A little bit of both. All current updates are downloaded, this does include the Anniversary update and subsequent packages.

 

They are modifying the update process to allow opt-outs on drivers, since there are more than a few bad drivers that get posted to windows update.  I don't know when this will take effect, but if it's been announced, then very soon.



#6 x64

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Posted 14 January 2017 - 02:53 AM

The answers above are a little bit confused....

 

The quick answer is that on a new PC, you may get one two to large updates at first and a small number of smaller ones. If you have other MS products installed. they may get numerous updates.

 

The situation is:

 

Windows 10 updates are "cumulative updates". Cumulative updates (CUs) include all of the content of earlier updates for that version of windows. That means that in order to bring "Windows 10" up to date you need to download just the latest update.

 

Easy eh?? OK no... That statement sets the flavour of what happens but It's a bit more complicated than that.

 

As with anything, the devil is in the detail, and above I used the words "Version" and "Windows" to qualify the statement.

 

Let's deal with "version" first...

 

Windows 10 has new versions released relatively frequently (once or twice a year for ordinary users). These new builds are where new features and major changes are introduced. The "Anniversary update" is one of those. These big releases are more correctly known as upgrades and also each one also goes by other names - the Anniversary update has a project name of "Redstone" or "Redstone 1" and a version number of 1607 (released in year 16, month 07). Upgrades are generally large to download, take longer to install, and as mentioned above will introduce functionality changes. Upgrades will contain all the updates that were releases to earlier versions and are relevant to the new version.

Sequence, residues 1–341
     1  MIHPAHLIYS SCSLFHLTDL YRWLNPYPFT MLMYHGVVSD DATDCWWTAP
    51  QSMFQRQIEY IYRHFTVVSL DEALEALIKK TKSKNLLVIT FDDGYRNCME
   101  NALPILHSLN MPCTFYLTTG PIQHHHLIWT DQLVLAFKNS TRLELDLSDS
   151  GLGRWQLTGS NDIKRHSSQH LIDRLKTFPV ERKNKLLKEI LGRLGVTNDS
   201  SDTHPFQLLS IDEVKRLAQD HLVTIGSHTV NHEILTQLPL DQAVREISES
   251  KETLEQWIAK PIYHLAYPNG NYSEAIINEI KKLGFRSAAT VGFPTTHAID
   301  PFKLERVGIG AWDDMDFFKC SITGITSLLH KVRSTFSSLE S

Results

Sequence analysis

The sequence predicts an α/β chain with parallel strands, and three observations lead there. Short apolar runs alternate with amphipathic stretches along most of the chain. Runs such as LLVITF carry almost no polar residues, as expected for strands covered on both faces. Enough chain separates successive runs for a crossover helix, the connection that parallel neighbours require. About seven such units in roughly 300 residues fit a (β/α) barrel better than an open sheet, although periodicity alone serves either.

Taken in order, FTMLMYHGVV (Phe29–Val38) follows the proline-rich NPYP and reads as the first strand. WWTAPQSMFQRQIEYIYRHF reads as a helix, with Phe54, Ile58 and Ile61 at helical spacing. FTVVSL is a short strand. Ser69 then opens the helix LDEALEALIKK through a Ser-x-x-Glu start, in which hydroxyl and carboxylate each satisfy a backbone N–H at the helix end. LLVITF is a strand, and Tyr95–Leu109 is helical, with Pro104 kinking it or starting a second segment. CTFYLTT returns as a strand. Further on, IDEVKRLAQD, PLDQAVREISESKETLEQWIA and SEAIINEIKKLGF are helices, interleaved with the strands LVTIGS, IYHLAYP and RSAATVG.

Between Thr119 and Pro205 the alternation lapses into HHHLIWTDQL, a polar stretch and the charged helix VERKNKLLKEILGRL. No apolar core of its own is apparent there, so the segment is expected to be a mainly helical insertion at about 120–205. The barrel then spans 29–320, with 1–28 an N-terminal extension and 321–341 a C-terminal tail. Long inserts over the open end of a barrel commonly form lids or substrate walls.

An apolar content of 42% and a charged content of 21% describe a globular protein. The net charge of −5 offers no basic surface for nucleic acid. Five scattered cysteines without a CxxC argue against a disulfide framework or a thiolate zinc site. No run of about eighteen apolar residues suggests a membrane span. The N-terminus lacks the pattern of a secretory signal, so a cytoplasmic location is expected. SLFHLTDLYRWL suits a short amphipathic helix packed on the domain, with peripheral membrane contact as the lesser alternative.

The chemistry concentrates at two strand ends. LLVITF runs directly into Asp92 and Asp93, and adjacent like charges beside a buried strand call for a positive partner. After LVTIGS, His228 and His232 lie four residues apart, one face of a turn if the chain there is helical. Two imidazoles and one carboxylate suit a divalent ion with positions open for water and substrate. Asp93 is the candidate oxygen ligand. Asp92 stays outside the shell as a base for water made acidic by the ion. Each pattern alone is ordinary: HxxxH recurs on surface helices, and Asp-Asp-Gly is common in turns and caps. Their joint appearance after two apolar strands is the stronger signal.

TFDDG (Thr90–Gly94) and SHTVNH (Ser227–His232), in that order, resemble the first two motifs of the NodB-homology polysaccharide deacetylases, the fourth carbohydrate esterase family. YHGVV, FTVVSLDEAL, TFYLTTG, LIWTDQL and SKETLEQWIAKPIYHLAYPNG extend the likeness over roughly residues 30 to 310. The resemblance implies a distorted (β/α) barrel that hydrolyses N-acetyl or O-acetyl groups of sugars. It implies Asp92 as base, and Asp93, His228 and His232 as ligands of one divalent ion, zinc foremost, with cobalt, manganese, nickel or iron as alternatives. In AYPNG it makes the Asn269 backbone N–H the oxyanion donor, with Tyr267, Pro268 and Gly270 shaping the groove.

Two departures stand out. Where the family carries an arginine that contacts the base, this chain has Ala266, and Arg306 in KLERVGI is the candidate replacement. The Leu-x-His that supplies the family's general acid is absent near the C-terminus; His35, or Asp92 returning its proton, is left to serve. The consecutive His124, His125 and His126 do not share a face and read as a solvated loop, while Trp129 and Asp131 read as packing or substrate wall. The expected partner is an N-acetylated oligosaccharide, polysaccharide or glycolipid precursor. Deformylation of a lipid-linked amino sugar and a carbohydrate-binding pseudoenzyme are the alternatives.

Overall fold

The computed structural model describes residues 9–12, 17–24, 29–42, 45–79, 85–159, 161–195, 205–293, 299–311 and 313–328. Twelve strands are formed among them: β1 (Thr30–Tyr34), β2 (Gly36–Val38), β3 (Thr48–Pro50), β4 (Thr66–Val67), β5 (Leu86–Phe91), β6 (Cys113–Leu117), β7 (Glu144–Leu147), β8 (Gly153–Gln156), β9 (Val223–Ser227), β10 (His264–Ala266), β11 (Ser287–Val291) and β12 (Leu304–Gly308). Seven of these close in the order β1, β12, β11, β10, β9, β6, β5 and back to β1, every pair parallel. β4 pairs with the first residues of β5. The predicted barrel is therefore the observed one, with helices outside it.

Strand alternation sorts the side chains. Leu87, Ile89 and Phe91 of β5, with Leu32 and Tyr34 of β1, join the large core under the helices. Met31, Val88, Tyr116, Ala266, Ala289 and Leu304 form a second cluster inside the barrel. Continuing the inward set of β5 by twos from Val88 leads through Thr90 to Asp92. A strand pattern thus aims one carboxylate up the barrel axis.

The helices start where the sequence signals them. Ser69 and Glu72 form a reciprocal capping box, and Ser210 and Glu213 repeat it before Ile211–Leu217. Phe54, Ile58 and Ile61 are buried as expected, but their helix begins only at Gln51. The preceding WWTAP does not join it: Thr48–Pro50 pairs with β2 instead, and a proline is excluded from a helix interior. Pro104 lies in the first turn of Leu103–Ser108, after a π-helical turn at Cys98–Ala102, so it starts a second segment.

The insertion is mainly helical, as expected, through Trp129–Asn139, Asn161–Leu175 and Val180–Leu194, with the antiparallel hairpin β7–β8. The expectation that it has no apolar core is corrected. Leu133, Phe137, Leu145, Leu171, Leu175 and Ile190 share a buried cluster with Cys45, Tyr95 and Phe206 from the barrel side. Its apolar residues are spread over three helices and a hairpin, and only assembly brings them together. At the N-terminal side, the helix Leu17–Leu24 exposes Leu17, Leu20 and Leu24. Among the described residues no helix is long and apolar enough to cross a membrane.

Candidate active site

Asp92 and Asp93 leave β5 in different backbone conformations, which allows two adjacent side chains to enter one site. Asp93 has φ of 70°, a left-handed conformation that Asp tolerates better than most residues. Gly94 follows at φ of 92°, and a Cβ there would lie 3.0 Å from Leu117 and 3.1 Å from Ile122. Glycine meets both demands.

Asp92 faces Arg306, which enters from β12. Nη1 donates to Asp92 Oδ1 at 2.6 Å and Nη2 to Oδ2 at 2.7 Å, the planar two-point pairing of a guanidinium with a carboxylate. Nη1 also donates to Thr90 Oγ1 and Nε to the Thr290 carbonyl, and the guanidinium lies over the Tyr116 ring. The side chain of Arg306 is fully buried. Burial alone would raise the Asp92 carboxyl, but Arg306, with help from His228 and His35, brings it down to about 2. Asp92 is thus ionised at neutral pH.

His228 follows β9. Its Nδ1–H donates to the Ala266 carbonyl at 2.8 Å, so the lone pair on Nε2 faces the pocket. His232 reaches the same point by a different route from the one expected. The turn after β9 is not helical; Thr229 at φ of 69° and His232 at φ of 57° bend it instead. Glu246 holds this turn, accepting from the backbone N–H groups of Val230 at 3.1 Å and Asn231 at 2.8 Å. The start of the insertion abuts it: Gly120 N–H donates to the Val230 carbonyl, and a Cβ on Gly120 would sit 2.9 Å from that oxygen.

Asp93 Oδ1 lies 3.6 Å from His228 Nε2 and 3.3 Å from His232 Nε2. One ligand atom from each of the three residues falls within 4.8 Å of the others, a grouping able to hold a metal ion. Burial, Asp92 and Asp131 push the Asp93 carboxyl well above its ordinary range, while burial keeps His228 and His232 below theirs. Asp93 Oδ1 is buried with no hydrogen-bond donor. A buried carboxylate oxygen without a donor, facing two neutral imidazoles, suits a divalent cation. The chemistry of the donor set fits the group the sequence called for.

The cumulative updates for Windows are based on the Windows 10 VERSION installed and contain all updates since that version was released. These come out frequently - At least one a month, sometimes more frequently. As you can imagine the physical size of a CU increases across the life of a upgrade but only the content needed to install the changes between 'what you had' and 'what is current' are installed when you install a CU.

 

So.... When updates (even on a new PC) are detected you will probably see just One update for Windows. This may be a version upgrade or a cumulative update, but it may be a be a big one and if it is a version upgrade you may get a CU immediately afterwards.

 

So just one update - great eh??? No, that’s there the qualifier "Windows" that I used above comes in...

 

The updates above keep the underlying Windows OS updated. There may be other things that need updating as well. "Abobe Flashplayer" is a separate stream of small updates which MS frequently push out, Other Microsoft components such as ".NET" runtimes also have separate update streams, as do other MS products (Older and come current versions of Office etc). Some of those different product updates are cumulative (.net) and others discrete (and possibly numerous) older office versions).